Lotto-Belisol: Greipel (GER), Roelandts (BEL), Henderson (NZL); Omega Pharma-Quick Step: Boonen (BEL), Ciolek (GER); Saxo Bank-Tinkoff Bank: Kroon (NET), Mørkøv (DEN); Liquigas-Cannondale: Oss (ITA); Rabobank: Bos (NET), Renshaw (AUS); Vacansoleil-DCM: Feillu (FRA), Van Hummel (NET), Leukemans (BEL); Katusha: Freire (SPA), Kristoff (NOR), Gusev (RUS); BMC: Phinney (USA), Blythe (GBR); Garmin-Sharp: Hunter (SAF), Vansummeren (BEL), Maaskant (NET); Accent Jobs-Willems Verandas: Hoste (BEL), Van Dijk (NET); Landbouwkrediet-Euphony: Juodvalkis (LIT); Topsport Vlaanderen-Mercator: Cornu (BEL); Spidertech: Boivin (CAN); Team Type 1-Sanofi: Serebryakov (RUS); Bretagne-Schuller: Pichon (FRA); Argos-Shimano: Kittel (GER), Veelers (NET); NetApp; Cofidis; Wallonie-Bruxelles.
Eighteen teams have been invited by the organisers for the first edition of the World Ports Classic, from 31st August to 1st September, between Rotterdam and Antwerpen.The 18 selected teams
© Presse Sports
The preparations are continuing for the new event on the calendar of the world cycling elite at the end of the summer in the Netherlands and Belgium. The route promises a spring-like ambiance on the two stages programmed…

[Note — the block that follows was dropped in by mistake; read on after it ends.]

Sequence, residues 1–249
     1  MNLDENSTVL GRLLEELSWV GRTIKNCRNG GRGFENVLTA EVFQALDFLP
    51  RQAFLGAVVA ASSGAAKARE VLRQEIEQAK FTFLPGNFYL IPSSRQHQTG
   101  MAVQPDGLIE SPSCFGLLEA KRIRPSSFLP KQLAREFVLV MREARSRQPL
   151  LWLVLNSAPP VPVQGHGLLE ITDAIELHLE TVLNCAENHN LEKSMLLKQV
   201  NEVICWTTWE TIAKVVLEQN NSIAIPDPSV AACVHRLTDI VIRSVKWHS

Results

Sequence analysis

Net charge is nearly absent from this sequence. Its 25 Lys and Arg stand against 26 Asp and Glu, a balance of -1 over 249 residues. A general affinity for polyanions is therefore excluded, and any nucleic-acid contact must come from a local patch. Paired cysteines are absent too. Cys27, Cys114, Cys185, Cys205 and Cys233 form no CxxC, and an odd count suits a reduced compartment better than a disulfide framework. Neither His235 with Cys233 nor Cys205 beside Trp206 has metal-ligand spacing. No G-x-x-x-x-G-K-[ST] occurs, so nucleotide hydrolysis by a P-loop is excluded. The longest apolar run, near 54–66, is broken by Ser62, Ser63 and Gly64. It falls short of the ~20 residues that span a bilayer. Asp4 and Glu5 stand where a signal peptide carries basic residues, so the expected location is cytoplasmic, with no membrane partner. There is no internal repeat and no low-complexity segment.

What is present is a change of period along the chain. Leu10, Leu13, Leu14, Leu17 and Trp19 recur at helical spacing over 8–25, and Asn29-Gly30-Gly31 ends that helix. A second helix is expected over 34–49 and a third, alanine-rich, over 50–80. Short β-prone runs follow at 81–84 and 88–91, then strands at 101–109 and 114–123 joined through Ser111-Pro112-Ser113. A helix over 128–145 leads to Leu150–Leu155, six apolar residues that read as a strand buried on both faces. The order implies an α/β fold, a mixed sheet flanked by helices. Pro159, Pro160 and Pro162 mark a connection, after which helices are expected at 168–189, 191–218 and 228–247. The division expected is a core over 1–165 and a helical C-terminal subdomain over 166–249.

A date with the elite
With a distinctive format and significant sporting stakes, the World Ports Classic (classed
2.1 in the UCI Europe Tour calendar) is already attracting the discipline’s champions.
Whilst major stage race enthusiasts will have their eyes on events in Spain, the
specialists of the spring classics or the favourites for the World Championships to be held
in Valkenburg are keenly interested in this return journey between Rotterdam and
Antwerp. To date, 25 teams, including 13 World Tour registered squads, have applied to
take starter’s orders. Only 18 teams will be invited to participate in the event.
Wind and cobbles
The two episodes of the race have now been set down on paper. Between Rotterdam and
Antwerp, the distance of the first stage will extend over the 200 kilometre mark. More
significantly, the route will lead the pack on the roads of the first stage of the Tour de
France 2010, which in fact inspired the creation of the World Ports Classic. Two years
later, some riders will again be crossing the Erasmus Bridge and, what’s more, they will